Police warning after 'laughing gas' canisters found in Padiham car park

Police have issued a warning after empty so-called 'laughing gas' canisters were found strewn across a Padiham car park.

Tuesday, 19th March 2019, 11:35 am
Updated Tuesday, 19th March 2019, 12:38 pm
'Laughing gas' canisters like the ones found in a Padiham car park on Sunday.
'Laughing gas' canisters like the ones found in a Padiham car park on Sunday.

Several empty canisters were found on Sunday morning in the Mytton Street car park in the town, prompting speculation that youngsters are putting their lives at risk to get a cheap 'high.'

A resident, who found the canisters, said: "This is not the first time the canisters have been found.

"This seems to be something that is rife in Padiham but it is quite worrying that these youngsters are taking risks like this."

Mytton Street car park in Padiham where the empty gas canisters were found on Sunday.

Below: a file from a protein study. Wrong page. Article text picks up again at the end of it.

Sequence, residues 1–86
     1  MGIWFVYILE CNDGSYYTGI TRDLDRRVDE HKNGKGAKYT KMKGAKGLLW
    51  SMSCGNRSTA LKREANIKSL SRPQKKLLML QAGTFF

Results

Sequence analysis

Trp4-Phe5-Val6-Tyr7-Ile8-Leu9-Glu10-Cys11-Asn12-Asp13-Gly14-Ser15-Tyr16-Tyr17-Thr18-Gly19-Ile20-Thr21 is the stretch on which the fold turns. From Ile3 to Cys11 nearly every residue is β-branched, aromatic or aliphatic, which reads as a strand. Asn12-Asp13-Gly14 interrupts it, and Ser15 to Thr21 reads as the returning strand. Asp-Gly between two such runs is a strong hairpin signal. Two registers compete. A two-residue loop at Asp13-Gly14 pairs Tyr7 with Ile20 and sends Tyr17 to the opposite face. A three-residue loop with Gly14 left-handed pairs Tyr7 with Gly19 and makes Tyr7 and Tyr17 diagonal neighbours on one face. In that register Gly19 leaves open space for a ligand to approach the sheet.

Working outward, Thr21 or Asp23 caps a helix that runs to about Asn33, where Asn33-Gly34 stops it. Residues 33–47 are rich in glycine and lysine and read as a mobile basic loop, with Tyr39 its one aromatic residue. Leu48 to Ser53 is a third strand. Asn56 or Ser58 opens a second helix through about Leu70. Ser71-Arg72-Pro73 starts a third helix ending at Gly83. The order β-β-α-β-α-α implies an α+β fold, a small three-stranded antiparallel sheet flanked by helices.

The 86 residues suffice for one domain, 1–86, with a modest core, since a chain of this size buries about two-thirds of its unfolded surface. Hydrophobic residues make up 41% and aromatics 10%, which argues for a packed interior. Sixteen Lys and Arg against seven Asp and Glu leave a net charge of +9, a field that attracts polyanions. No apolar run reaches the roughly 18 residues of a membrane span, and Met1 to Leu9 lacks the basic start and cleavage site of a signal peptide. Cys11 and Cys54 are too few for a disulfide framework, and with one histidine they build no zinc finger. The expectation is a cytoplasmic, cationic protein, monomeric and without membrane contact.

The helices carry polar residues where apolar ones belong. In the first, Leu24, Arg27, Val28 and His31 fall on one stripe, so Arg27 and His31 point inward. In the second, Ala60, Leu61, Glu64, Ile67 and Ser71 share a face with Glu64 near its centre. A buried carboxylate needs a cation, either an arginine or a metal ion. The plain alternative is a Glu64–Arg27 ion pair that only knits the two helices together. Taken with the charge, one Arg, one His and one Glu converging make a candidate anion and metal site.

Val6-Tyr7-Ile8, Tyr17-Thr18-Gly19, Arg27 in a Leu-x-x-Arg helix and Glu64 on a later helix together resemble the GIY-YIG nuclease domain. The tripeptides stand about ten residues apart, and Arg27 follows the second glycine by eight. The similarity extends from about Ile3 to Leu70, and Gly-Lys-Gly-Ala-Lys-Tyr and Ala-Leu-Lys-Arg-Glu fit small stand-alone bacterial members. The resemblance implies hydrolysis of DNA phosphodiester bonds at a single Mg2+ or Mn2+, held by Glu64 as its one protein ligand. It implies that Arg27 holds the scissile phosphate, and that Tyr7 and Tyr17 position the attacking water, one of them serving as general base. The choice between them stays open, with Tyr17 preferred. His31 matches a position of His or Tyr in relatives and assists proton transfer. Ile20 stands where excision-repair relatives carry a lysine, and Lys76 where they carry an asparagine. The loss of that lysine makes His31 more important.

A spokesman for Lancashire Police said: "Nitrous Oxide gas, also known as laughing gas, is classed as a psychoactive substance which can cause dizziness and therefore impair your judgement – putting you at risk.

"When ‘the gas’ is inhaled, it removes the oxygen from your lungs and replaces it with nitrous oxide, this can cause unconsciousness or death due to a lack of oxygen.

"Mixing alcohol with nitrous oxide can be fatal."

The Psychoactive Substances Act of 2016 has made it illegal for anyone to sell nitrous oxide.

The craze for 'laughing gas' which is also known as 'hippy crack' has hit the headlines in recent months.

Nitrous oxide is a colourless gas that when inhaled can make people feel euphoric and relaxed. The canisters are normally silver but can also come in various colours.

The effects of the gas have seen it nicknamed 'laughing gas', but it can also cause some people to have hallucinations. The effects are caused by the drug slowing down the brain.

Nitrous oxide is normally bought in pressurised canisters. It is then transferred to a container such as a balloon to be inhaled.

It can also cause some people to have hallucinations. There are legitimate uses for nitrous oxide, including numbing pain during medical procedures, use in catering aerosol cans and in engines.

But it is illegal to sell or import the drug for human consumption.